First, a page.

Author: MOHAMMED RASOOLDEENWed, 2018-02-28 03:00ID: 1519771648079338500

RIYADH: Aid workers faced mounting challenges because of the worsening security situation in many countries, the first International Humanitarian Forum was told on Tuesday.
During the two-day forum, the King Salman Humanitarian Aid and Relief Center (KSRelief) signed two agreements with the International Organization for Migration (IOM) worth $2.3 million to help Rohingya refugees in Bangladesh and $1.1 million to help Syrian refugees in Greece.
US Agency for International Development (USAID) senior adviser Thomas Stahl told the summit that rising tension in war-torn regions left aid workers struggling to carry out relief operations.
Social and psychological assistance, as well as food and medicine, were needed to help affected people, he said.
More than 1,000 delegates and representatives of 60 national and global organizations attended the summit, which was opened by King Salman.
Stahl told the forum the biggest humanitarian issue was the problem of immigrants fleeing their homelands as a result of conflict, especially in the Middle East.
The World Health Organization’s Executive Director of Emergency Health, Peter Salama, said: “We are working in 28 countries around the world, including Yemen, South Sudan, and Iraq.”
He warned of the growing difficulty reaching crisis-hit areas.
UNICEF Regional Director for Middle East and North Africa Geert Cappelaere told Arab News that millions of children are suffering from man-made disasters. He said it was “timely” that countries such as Saudi Arabia had offered humanitarian aid to the distressed populations of the world.
Mostsafa Al-Sayed, secretary-general of the Royal Charity Organization in Bahrain, said the summit “serves those who are victims of conflicts.”
By holding the conference, King Salman has sent a clear message to the world urging people to avoid conflicts that could lead to humanitarian crises, he said.

Saudi Arabia’s $32.6 billion for international aid projects
Saudi Arabia’s assistance to projects throughout the world reached SR122.4 billion ($32.6 billion) at the start of last year.
The aid covered 999 projects in 78 countries for the current phase, implemented through 150 partners, including international, national and UN organizations as well as governments of recipient countries.
The assistance was provided in 10 humanitarian, development and charitable sectors, including humanitarian and emergency relief, education, health, water, public health, transportation, religious and social charity, energy generation and supply, and agriculture.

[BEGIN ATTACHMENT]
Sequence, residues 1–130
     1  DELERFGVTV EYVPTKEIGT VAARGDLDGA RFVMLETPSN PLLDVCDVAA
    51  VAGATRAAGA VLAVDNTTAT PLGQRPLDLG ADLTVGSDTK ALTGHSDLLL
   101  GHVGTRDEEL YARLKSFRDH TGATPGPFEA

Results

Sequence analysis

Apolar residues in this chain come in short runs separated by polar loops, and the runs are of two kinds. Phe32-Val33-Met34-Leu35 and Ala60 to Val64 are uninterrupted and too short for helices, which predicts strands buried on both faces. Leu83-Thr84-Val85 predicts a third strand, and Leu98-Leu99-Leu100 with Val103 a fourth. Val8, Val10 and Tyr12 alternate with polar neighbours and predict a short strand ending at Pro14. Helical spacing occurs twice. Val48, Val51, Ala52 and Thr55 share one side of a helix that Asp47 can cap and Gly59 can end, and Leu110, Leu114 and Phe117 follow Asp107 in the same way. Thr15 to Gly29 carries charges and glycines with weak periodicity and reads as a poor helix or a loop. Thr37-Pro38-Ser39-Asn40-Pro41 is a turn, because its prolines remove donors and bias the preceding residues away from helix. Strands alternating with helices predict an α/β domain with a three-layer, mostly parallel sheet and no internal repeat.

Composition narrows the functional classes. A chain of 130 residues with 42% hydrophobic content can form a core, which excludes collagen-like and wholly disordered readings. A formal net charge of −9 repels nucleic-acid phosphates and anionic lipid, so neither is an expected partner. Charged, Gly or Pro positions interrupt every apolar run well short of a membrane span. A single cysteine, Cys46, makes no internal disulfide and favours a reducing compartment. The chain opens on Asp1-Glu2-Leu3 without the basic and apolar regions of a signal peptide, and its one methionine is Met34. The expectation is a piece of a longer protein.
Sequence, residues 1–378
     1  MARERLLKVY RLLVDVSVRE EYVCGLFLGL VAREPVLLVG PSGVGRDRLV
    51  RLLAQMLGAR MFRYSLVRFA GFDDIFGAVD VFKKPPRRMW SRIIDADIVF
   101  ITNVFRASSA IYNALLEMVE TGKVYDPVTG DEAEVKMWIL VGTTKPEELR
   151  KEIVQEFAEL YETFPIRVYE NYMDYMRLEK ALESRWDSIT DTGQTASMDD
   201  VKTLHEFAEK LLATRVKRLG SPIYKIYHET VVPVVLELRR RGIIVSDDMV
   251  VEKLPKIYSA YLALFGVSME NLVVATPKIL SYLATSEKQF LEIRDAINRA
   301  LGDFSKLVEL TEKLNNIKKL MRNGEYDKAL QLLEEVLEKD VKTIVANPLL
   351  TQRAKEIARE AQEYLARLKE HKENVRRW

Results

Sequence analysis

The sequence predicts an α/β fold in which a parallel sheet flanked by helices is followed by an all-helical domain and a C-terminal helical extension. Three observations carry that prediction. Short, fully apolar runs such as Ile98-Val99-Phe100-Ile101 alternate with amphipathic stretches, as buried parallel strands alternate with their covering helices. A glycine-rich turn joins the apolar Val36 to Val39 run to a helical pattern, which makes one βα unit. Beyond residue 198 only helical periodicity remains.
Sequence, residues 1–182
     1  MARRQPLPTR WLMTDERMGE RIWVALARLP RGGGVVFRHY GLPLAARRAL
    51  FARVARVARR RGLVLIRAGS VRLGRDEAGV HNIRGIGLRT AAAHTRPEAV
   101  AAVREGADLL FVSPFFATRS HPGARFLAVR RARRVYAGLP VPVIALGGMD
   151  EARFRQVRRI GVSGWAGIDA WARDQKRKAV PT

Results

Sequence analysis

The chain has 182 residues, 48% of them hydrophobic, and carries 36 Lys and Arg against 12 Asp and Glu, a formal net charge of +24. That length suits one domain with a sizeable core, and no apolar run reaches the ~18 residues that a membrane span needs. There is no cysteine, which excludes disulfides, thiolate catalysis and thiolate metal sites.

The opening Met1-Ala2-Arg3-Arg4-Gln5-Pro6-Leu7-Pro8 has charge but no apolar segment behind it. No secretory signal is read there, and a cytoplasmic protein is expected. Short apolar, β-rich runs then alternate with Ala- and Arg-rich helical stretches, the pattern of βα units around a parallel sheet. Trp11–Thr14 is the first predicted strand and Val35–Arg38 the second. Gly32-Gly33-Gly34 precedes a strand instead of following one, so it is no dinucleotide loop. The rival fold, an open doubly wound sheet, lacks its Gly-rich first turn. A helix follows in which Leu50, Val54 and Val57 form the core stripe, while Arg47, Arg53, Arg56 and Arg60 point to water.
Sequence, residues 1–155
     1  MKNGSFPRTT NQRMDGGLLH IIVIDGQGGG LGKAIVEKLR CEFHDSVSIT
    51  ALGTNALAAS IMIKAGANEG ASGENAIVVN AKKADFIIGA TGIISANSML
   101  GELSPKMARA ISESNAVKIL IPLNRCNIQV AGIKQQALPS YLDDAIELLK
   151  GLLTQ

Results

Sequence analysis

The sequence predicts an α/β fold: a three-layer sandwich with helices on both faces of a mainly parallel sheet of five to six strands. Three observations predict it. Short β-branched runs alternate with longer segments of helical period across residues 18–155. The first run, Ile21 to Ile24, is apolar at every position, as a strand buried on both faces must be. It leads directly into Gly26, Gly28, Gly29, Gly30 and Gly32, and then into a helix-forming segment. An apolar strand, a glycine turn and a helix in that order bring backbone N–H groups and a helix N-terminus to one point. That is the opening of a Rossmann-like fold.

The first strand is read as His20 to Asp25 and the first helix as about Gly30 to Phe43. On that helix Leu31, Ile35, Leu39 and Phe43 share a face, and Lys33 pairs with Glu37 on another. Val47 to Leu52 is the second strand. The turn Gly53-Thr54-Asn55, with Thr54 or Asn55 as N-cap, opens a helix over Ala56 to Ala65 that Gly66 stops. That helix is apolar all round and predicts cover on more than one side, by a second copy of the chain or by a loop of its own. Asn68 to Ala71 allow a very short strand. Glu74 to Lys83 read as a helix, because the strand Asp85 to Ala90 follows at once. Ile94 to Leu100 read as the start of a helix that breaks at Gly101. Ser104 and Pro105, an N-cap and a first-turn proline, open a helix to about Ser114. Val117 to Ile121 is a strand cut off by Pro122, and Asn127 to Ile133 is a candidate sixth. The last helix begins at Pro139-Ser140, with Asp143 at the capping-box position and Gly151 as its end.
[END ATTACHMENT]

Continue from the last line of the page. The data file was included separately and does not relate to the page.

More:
Saudi Arabia provides assistance to countries regardless of religion or race, and is one of the world’s 10 most charitable countries through providing cash and in-kind support in the form of grants and soft loans to support developing countries.
For the current phase, projects covered five continents: Asia at $21.040 billion (66.33 percent of total aid), followed by Africa at $9.76 billion (30.76 percent), Europe at $379 million (1.19 percent), North America at $376.3 million (1.19 percent), and finally Europe and Central Asia at $170.3 million (0.54 percent).
The Kingdom’s financial contributions to UN organizations, international bodies and regional development, and humanitarian and charitable funds in the current phase amounted to 489 financial contributions of SR3.49 billion ($929 million), distributed over three sectors: Budgets and general programs of funds and organizations, development bodies and humanitarian and emergency relief assistance to UN organizations and international bodies, and religious and social charitable works for international and regional bodies.
During this phase, the 10 countries that received most of the humanitarian, development, and charitable assistance of grants and soft loans were: Yemen with total aid worth $13.37 billion to implement 285 projects; Syria with $2.35 billion for 95 projects; Egypt with $1.84 billion for 20 projects; Niger with $1.32 billion for 7 projects; Mauritania with $1.22 billion for 14 projects; Afghanistan with $567.1 million for 29 projects; China with $549.9 million for 10 projects; Pakistan with $521.9 million for 108 projects; Jordan with $516.9 million for 11 projects; and Tunisia with $514.2 million for the implementation of nine projects.
The rest of the aid was distributed throughout 68 countries around the world.

Main category: Saudi ArabiaTags: King Salman Humanitarian Aid and Relief Center (KSRelief)Saudi ArabiaInternational Humanitarian Forumrelated_nodes: Yemeni minister lauds KSReliefKSRelief signs six accords worth $3 million to help displaced YemenisKSRelief signs 12 contracts to help displaced Syrians

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